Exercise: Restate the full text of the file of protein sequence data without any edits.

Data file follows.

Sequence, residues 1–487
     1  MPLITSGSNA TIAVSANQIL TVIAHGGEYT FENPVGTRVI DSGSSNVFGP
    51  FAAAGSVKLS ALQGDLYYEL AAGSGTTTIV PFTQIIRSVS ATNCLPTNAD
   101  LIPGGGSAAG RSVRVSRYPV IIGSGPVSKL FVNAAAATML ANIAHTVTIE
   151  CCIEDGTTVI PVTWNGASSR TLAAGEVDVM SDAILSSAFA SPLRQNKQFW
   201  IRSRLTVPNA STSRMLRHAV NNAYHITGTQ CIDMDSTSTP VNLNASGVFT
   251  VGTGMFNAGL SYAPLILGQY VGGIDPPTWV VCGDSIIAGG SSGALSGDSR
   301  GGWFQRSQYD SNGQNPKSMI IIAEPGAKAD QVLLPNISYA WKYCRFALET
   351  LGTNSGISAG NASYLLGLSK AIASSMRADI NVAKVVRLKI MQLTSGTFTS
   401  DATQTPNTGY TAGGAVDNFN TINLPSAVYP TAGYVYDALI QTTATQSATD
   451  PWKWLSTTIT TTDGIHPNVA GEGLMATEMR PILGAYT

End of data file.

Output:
Sequence, residues 1–487
     1  MPLITSGSNA TIAVSANQIL TVIAHGGEYT FENPVGTRVI DSGSSNVFGP
    51  FAAAGSVKLS ALQGDLYYEL AAGSGTTTIV PFTQIIRSVS ATNCLPTNAD
   101  LIPGGGSAAG RSVRVSRYPV IIGSGPVSKL FVNAAAATML ANIAHTVTIE
   151  CCIEDGTTVI PVTWNGASSR TLAAGEVDVM SDAILSSAFA SPLRQNKQFW
   201  IRSRLTVPNA STSRMLRHAV NNAYHITGTQ CIDMDSTSTP VNLNASGVFT
   251  VGTGMFNAGL SYAPLILGQY VGGIDPPTWV VCGDSIIAGG SSGALSGDSR
   301  GGWFQRSQYD SNGQNPKSMI IIAEPGAKAD QVLLPNISYA WKYCRFALET
   351  LGTNSGISAG NASYLLGLSK AIASSMRADI NVAKVVRLKI MQLTSGTFTS
   401  DATQTPNTGY TAGGAVDNFN TINLPSAVYP TAGYVYDALI QTTATQSATD
   451  PWKWLSTTIT TTDGIHPNVA GEGLMATEMR PILGAYT